Dear Blue Lobster:
I just bought a triops packet, i have no idea what it is but it says it's the world's oldest crustacean so i thought i'd ask you. they sell something called daphnia to hatch and raise for food, but the guy at the store said you can just let them eat one another.
Dear Gentle Sir:
A usually unheard of but incredibly old type of crustacean, the Lazarus shrimp (also known as the the shield shrimp or triops) is the perfect kind of crustacean to introduce into your aquarium. It displays interesting behavior and gives you a glimpse into the past while at the same time entertains for hours on end with its antics.
Diverging from other crustaceans early on, the modern form of the shield shrimp has not changed for 220 million years, making it quite possibly the world's oldest extant group. It is commonly believed to be related to the Horseshoe Crab, though this is not true. Their similar physical characteristics are due to convergent evolution, or one species liking the look of another and evolving to match it.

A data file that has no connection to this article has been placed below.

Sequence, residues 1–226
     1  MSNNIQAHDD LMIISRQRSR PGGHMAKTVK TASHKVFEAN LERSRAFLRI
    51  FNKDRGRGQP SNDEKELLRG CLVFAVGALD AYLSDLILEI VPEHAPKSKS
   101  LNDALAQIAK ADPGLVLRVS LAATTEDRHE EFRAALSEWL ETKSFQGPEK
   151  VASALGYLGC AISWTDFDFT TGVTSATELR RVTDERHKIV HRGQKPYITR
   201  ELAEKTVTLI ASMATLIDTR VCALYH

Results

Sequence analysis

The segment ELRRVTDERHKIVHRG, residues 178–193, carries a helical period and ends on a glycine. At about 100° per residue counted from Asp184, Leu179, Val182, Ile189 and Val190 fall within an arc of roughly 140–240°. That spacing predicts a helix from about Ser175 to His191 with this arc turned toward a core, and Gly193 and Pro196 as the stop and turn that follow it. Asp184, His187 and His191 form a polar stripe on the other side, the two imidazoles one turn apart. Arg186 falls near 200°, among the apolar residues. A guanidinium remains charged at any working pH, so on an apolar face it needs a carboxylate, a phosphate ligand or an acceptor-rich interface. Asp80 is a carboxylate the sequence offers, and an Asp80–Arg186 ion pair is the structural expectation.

Being so old requires being crotchety and the shield shrimp does not disappoint in this regard. Used to a short life in a rapidly-drying seasonal pool, the shrimp hatches within four hours of exposure to water and begins molting incessantly. It feeds on anything smaller than itself, so have plenty of sea monkeys handy. If sea monkeys can not be found, it is perfectly suitable to let the triops cannablize until only one, the greatest and strongest, is left in the tank.
After natural selection has worked its magic, it's time to introduce your powerful triop into your community tank! Make sure there's nothing smaller than it in there, as it would prove to be an unfair fight. A crayfish of similar size would make for an excellent battle, and a dozen or so ghost shrimp will provide additional targets for both the cray's and the triop's predatory advances. In addition, they'll serve to help "clean up" the loser after the victor is done eating his fill.
I suggest while your cray and triop get to know one another you film in high speed so that when played back, the creatures look large and slow. Filmed properly and with the addition of some monster movie music, you will have a short five minute clip begging to be uploaded to YouTube or Google Video. Perhaps you can title it something using their taxonomic names to make it sound exotic. For instance, Procambarus vs. Triops sounds like something any child would love to tune into on a Saturday morning.
Good luck with your Shield Shrimp and please share the link to your monster movie once complete!